Adjunct Faculty: A Crisis of Justice in Higher Education

By Todd, James G. | Phi Kappa Phi Forum, Fall 2004 | Go to article overview

Adjunct Faculty: A Crisis of Justice in Higher Education


Todd, James G., Phi Kappa Phi Forum


When I began teaching on a tenure track almost thirty-five years ago, an adjunct instructor was someone who on rare occasions was employed as a temporary replacement or as an outside specialist to assist in a special course or program. Adjuncts might even lack the usual credentials and degrees and so would not necessarily receive normal employment benefits or have the same responsibilities as permanent faculty.

By the time I retired in 2000, the regular and growing use of adjuncts had become a nationwide phenomenon in higher education, and at my university approximately 30 percent of the faculty were adjuncts. What had once been a category for special temporary teaching arrangements had become an administrative device for hiring teachers without having to pay for the rights and privileges of tenure-track positions such as health insurance and pension contributions. The increased national use of adjunct teachers was in effect an indirect attack on tenure because the growing numbers of adjuncts provided an excuse for administrations to reduce the overall number of tenure-track positions.

The extensive use of adjuncts in place of tenure-track positions reflects a crisis in higher education. The policy not only demeans the professoriate, it also erodes the process of shared governance in colleges and universities, promotes faculty inequity, undermines institutional allegiance and faculty morale, eliminates common standards for professional responsibilities and working conditions, and perhaps worst of all, by creating an atmosphere of arbitrary procedures and chronic job insecurity, it destroys the intellectual and creative self-confidence of professors that is central to the integrity of any college or university.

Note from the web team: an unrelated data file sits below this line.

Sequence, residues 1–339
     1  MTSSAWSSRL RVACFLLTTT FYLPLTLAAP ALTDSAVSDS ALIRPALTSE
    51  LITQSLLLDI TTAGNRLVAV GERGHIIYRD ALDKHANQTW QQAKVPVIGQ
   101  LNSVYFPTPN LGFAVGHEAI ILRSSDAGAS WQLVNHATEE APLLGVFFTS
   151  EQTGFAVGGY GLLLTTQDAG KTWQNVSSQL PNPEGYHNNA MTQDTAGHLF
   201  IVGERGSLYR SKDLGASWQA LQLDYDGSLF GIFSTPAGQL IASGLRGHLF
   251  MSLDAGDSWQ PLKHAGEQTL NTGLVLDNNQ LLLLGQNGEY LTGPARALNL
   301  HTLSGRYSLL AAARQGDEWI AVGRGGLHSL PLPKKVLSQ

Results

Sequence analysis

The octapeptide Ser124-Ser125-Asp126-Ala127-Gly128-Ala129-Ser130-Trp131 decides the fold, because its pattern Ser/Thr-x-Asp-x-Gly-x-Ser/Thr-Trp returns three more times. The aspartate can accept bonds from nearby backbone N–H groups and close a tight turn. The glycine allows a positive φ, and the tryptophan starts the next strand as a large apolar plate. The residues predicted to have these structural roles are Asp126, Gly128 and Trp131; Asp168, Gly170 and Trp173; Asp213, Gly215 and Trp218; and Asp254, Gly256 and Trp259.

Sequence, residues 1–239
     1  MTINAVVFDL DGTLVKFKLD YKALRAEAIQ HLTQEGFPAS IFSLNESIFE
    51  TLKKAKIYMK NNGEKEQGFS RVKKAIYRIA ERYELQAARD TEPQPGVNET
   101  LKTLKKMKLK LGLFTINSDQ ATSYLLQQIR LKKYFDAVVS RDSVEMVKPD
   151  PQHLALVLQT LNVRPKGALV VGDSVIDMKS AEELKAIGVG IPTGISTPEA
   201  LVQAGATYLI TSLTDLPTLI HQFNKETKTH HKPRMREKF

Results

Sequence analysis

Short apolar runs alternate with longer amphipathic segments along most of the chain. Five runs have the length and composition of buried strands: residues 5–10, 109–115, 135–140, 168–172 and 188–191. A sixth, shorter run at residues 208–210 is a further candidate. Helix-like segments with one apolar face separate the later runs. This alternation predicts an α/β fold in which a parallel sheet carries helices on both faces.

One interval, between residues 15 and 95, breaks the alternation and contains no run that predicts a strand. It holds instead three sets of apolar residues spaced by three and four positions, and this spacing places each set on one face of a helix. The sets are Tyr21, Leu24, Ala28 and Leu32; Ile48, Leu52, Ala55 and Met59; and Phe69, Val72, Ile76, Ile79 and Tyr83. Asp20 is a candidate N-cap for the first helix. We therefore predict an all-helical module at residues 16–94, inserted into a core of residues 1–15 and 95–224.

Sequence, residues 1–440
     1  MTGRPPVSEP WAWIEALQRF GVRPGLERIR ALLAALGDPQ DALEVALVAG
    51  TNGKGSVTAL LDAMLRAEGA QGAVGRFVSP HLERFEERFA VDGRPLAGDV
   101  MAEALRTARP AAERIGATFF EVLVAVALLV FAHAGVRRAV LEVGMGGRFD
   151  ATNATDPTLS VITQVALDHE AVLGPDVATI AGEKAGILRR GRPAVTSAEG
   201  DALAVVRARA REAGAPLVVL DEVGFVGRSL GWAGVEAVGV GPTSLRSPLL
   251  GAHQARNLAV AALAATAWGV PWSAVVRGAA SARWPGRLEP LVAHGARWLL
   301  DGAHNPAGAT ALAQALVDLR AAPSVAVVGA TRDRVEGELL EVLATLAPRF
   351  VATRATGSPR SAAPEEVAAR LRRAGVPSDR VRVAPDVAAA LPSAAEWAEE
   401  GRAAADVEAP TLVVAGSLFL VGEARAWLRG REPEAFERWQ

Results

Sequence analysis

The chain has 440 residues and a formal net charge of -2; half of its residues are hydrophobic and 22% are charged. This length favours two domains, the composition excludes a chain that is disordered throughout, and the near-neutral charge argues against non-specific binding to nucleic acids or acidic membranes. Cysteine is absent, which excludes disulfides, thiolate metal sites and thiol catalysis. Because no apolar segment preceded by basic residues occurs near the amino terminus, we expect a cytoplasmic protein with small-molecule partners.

The blame for using adjuncts as cheap labor usually falls on state legislatures for their failure to adequately fund higher education. While this is undoubtedly the major cause of the problem, it does not follow that higher education should have chosen such an ignoble and academically destructive solution to deal with a financial problem. The growing denigration of selected members of our profession could not have happened without the acquiescence and cooperation of faculty and administrations alike.

So what is to be done? One solution is the efforts of some adjuncts to form their own unions. And if higher education fails to respond to their grievances, that probably is their only recourse. But it is not a desirable solution because it will only make permanent an unjust category for teachers and further erode an already-damaged sense of collegiality. …

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